After the Count and Countess leave, Fredrika and Madame Armfeldt discuss the chaos of the recent turns-of-events. The elderly woman then asks Fredrika a surprising question: "What is it all for?" Fredrika thinks about this, and decides that it "must be worth it". Madame Armfeldt is surprised, ruefully noting that she rejected love for material wealth at Fredrika's age. She praises her granddaughter and remembers true love's fleeting nature.
Fredrik finally confesses his love for Desiree, acknowledges that Fredrika is his daughter, and the two promise to start a new life together ("Finale"). Armfeldt sits alone with Fredrika. Fredrika tells her grandmother that she has watched carefully, but still has not seen the night smile. Armfeldt laughs and points out that the night has indeed smiled twice: first on Henrik and Anne, the young, and second on Desiree and Fredrik, the fools. As the two wait for the "third smile... on the old", it happens: Madame Armfeldt closes her eyes, and dies peacefully with Fredrika beside her.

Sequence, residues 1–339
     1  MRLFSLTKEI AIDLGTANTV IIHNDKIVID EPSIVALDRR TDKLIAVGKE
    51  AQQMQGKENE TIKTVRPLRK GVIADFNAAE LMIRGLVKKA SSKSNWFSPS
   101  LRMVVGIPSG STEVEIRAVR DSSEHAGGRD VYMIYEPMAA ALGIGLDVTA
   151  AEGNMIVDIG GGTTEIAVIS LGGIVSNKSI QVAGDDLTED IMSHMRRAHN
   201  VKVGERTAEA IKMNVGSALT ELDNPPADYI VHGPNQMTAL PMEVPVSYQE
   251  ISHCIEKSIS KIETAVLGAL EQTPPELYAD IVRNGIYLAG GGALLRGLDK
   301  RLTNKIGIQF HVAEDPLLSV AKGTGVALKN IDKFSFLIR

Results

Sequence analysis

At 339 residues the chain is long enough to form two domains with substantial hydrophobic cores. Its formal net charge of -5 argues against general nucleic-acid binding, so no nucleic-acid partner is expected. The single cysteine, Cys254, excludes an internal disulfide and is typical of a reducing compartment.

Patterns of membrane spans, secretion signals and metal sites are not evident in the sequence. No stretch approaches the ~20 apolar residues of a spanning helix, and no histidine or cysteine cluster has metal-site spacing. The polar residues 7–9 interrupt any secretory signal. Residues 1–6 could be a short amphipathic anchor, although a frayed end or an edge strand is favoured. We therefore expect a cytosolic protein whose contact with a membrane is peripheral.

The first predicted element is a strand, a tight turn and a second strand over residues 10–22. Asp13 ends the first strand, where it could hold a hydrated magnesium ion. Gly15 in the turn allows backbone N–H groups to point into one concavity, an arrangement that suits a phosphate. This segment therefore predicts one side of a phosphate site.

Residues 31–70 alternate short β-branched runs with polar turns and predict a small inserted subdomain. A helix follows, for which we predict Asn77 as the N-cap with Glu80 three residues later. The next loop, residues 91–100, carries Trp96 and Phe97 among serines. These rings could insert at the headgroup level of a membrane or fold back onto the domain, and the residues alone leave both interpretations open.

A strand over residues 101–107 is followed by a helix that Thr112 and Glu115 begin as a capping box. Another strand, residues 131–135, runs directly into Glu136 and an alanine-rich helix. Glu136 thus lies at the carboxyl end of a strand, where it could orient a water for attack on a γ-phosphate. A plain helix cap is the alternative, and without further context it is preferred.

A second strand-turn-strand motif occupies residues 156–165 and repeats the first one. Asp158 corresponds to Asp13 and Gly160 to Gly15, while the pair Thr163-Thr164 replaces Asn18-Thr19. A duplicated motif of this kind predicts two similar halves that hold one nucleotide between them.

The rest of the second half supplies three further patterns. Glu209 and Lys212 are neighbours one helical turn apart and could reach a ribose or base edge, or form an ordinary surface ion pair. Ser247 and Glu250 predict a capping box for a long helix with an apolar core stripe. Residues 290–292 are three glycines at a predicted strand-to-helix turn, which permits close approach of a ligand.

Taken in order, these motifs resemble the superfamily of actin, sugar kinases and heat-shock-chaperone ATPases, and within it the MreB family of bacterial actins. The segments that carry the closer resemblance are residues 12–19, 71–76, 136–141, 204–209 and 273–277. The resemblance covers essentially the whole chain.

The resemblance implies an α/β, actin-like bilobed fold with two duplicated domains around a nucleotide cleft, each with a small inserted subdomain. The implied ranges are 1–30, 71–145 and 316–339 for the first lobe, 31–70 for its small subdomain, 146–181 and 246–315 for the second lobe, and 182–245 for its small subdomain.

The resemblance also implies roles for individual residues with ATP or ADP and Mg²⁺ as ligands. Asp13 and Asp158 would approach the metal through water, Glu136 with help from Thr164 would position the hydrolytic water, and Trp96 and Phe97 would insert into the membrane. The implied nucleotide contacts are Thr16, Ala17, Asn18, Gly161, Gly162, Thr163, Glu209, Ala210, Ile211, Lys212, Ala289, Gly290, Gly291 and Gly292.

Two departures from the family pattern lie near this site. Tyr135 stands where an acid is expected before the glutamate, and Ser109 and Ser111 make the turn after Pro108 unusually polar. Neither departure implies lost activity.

A Little Night Music opened on Broadway at the Shubert Theatre on February 25, 1973. It played there until September 15, 1973, then moved to the Majestic Theatre, on September 17, and closed there on August 3, 1974, after 601 performances and 12 previews. It was directed by Harold Prince with choreography by Patricia Birch and design by Boris Aronson. The cast included Glynis Johns (Desiree Armfeldt), Len Cariou (Fredrik Egerman), Hermione Gingold (Madame Armfeldt), Victoria Mallory (Anne Egerman), Judith Kahan (Fredrika Armfeldt), Mark Lambert (Henrik Egerman), Laurence Guittard (Carl-Magnus Malcolm), Patricia Elliott (Charlotte Malcolm), George Lee Andrews (Frid), and D. Jamin Bartlett (Petra). It won the New York Drama Critics' Circle Award and the Tony Award for Best Musical.
A US national tour began on February 26, 1974, at the Forrest Theatre, Philadelphia, and ended on February 13, 1975, at the Shubert Theatre, Boston. Jean Simmons as Desiree Armfeldt, George Lee Andrews as Fredrik Egerman and Margaret Hamilton as Madame Armfeldt headed the cast.
The musical premiered in the West End at the Adelphi Theatre on April 15, 1975, and starred Jean Simmons, Joss Ackland, David Kernan, Liz Robertson, and Diane Langton, with Hermione Gingold reprising her role as Madame Armfeldt. It ran for 406 performances. During the run, Angela Baddeley replaced Gingold, and Virginia McKenna replaced Simmons.